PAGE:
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Adaptive Signal and Image Processing
Adaptive Signal and Image Processing
Adaptive Signal and Image Processing
Adaptive Signal and Image Processing
Adaptive Signal and Image Processing
Adaptive Signal and Image Processing
Adaptive Signal and Image Processing
Adaptive Signal and Image Processing
Adaptive Signal and Image Processing
Adaptive Signal and Image Processing
Adaptive Signal and Image Processing
Adaptive Signal and Image Processing
Adaptive Signal and Image Processing
Adaptive Signal and Image Processing
Adaptive Signal and Image Processing
Adaptive Signal and Image Processing
Adaptive Signal and Image Processing
Adaptive Signal and Image Processing
Adaptive Signal and Image Processing
Adaptive Signal and Image Processing
Adaptive Signal and Image Processing
Adaptive Signal and Image Processing
Adaptive Signal and Image Processing
Adaptive Signal and Image Processing
Adaptive Signal and Image Processing
Adaptive Signal and Image Processing
Adaptive Signal and Image Processing
Adaptive Signal and Image Processing
Adaptive Signal and Image Processing
Adaptive Signal and Image Processing
Adaptive Signal and Image Processing
Adaptive Signal and Image Processing
Adaptive Signal and Image Processing
Adaptive Signal and Image Processing
Adaptive Signal and Image Processing
Adaptive Signal and Image Processing
Adaptive Signal and Image Processing
Adaptive Signal and Image Processing
Adaptive Signal and Image Processing
Adaptive Signal and Image Processing
Adaptive Signal and Image Processing
Adaptive Signal and Image Processing
Adaptive Signal and Image Processing
Adaptive Signal and Image Processing
Adaptive Signal and Image Processing
Adaptive Signal and Image Processing
Adaptive Signal and Image Processing
Adaptive Signal and Image Processing
Adaptive Signal and Image Processing
Adaptive Signal and Image Processing
Adaptive Signal and Image Processing
Adaptive Signal and Image Processing
Adaptive Signal and Image Processing
Adaptive Signal and Image Processing
Adaptive Signal and Image Processing
Adaptive Signal and Image Processing
Adaptive Signal and Image Processing
Adaptive Signal and Image Processing
Adaptive Signal and Image Processing
Adaptive Signal and Image Processing
Adaptive Signal and Image Processing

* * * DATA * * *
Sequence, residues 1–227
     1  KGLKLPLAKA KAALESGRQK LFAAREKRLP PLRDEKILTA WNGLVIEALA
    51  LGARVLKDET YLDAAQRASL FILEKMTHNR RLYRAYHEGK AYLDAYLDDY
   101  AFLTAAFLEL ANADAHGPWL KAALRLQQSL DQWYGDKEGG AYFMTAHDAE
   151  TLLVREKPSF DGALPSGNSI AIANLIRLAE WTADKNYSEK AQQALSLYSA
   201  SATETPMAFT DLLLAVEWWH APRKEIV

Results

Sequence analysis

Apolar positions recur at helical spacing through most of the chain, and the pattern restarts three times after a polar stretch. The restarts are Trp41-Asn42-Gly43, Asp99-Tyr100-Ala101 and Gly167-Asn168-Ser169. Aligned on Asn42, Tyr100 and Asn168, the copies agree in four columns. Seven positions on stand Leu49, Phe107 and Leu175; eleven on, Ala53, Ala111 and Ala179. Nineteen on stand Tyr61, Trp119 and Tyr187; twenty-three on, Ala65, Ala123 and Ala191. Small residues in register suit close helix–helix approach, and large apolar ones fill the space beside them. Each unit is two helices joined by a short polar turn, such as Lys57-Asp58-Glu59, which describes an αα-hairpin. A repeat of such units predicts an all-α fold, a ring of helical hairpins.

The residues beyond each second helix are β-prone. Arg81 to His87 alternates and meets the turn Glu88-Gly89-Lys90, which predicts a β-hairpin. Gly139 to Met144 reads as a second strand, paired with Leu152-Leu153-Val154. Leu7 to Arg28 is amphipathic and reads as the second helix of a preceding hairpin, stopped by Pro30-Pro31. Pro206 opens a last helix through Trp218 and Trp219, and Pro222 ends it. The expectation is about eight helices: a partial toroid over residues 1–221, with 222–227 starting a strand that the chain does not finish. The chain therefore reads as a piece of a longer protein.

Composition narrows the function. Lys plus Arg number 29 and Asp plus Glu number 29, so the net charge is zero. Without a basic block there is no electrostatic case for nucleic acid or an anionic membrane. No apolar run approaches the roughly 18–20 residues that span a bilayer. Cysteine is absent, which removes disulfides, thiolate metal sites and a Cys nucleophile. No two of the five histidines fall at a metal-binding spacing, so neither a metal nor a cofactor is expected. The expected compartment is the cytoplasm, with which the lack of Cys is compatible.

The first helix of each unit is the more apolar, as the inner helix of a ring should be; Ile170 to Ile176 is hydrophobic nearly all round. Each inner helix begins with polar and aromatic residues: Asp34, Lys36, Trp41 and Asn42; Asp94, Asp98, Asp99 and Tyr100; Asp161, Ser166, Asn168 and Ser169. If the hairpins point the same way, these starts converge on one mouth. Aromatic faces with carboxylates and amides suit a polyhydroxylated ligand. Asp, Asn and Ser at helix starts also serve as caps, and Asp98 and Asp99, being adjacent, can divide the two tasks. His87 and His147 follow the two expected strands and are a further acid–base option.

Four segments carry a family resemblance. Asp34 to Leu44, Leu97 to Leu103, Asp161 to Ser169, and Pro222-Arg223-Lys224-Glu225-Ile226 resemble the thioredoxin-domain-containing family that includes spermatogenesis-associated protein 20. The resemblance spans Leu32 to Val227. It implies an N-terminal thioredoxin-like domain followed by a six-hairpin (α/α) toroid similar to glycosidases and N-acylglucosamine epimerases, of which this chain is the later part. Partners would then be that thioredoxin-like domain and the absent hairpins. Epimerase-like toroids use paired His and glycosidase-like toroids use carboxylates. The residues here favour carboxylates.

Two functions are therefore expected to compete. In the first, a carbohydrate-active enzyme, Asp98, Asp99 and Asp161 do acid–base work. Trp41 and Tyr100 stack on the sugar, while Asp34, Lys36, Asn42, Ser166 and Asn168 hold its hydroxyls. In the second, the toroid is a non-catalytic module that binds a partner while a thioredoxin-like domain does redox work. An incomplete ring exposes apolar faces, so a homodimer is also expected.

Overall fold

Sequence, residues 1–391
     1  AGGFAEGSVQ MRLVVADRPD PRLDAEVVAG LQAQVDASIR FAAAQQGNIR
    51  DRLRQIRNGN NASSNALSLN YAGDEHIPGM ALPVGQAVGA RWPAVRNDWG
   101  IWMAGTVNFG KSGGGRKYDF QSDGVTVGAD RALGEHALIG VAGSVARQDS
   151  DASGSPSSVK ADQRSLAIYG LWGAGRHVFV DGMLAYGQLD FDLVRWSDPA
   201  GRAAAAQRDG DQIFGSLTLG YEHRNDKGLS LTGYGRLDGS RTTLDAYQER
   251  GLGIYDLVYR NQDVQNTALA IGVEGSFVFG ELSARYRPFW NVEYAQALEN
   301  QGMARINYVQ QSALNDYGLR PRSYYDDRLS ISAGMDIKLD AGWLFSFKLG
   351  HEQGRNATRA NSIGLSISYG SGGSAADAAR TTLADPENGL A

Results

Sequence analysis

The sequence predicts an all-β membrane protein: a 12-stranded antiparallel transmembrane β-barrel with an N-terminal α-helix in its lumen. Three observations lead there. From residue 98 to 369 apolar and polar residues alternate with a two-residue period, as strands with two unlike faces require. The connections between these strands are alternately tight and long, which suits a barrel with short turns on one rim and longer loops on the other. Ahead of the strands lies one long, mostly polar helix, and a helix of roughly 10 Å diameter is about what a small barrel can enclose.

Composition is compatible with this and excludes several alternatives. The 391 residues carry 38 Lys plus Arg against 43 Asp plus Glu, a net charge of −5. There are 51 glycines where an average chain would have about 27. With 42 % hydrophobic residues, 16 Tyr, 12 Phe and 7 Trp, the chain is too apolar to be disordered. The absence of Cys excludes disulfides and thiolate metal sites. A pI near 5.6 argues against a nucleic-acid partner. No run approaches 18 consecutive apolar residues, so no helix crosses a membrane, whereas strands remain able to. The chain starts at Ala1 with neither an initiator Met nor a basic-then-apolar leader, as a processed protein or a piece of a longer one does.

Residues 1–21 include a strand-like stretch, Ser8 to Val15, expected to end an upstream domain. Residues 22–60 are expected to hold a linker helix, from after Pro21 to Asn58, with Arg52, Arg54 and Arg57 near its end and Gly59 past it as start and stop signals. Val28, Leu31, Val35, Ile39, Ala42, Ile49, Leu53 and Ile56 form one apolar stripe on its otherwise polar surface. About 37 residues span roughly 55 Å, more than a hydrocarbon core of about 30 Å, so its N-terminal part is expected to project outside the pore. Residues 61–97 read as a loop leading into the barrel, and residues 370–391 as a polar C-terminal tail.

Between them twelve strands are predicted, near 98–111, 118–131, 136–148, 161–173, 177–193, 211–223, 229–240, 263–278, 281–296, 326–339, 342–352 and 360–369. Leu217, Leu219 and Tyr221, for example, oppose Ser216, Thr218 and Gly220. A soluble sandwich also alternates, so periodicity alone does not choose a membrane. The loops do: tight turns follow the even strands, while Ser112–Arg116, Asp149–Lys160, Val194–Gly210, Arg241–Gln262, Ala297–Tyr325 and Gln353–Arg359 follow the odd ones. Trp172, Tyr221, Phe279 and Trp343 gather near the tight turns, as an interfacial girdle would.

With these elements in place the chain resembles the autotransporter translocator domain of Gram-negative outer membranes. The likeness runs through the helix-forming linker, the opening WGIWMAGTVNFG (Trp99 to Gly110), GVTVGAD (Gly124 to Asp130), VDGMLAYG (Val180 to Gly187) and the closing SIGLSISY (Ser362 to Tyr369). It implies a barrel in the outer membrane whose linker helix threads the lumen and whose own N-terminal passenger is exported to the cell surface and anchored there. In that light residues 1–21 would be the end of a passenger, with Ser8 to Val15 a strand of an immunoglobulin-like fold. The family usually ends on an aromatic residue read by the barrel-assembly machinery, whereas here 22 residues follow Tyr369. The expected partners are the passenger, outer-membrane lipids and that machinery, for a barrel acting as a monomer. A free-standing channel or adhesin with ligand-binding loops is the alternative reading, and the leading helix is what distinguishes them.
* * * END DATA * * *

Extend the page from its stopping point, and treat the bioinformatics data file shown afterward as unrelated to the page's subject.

Adaptive Signal and Image Processing
Adaptive Signal and Image Processing
Adaptive Signal and Image Processing
Adaptive Signal and Image Processing
Adaptive Signal and Image Processing
Adaptive Signal and Image Processing
Adaptive Signal and Image Processing
Adaptive Signal and Image Processing
Adaptive Signal and Image Processing
Adaptive Signal and Image Processing
Adaptive Signal and Image Processing
Adaptive Signal and Image Processing
Adaptive Signal and Image Processing
Adaptive Signal and Image Processing
Adaptive Signal and Image Processing
Adaptive Signal and Image Processing
Adaptive Signal and Image Processing
Adaptive Signal and Image Processing
Adaptive Signal and Image Processing
Adaptive Signal and Image Processing
Adaptive Signal and Image Processing
Adaptive Signal and Image Processing
Adaptive Signal and Image Processing
Adaptive Signal and Image Processing
Adaptive Signal and Image Processing
Adaptive Signal and Image Processing
Adaptive Signal and Image Processing
Adaptive Signal and Image Processing
Adaptive Signal and Image Processing
Adaptive Signal and Image Processing
Adaptive Signal and Image Processing
Adaptive Signal and Image Processing
Adaptive Signal and Image Processing
Adaptive Signal and Image Processing
Adaptive Signal and Image Processing
Adaptive Signal and Image Processing
Adaptive Signal and Image Processing
Adaptive Signal and Image Processing
Adaptive Signal and Image Processing
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Adaptive Signal and Image Processing

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Slide of a course for the summer school "Ecole Analyse multirésolution pour l'image", June 20-22, 2012, Auxerre, France.

Slide of a course for the summer school "Ecole Analyse multirésolution pour l'image", June 20-22, 2012, Auxerre, France.

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  • 1. Adaptive Signaland Image Processing Gabriel Peyré www.numerical-tours.com
  • 2. Natural Image PriorsFourier decomposition Wavelet decomposition
  • 3. Natural Image PriorsFourier decomposition Wavelet decomposition
  • 4. Overview•Sparsity for Compression and Denoising•Geometric Representations•L0 vs. L1 Sparsity•Dictionary Learning
  • 5. Sparse Approximation in a Basis
  • 6. Sparse Approximation in a Basis
  • 7. Sparse Approximation in a Basis
  • 8. Image and Texture ModelsUniformly smooth C image. Fourier, Wavelets: ||f fM ||2 = O(M ). | f |2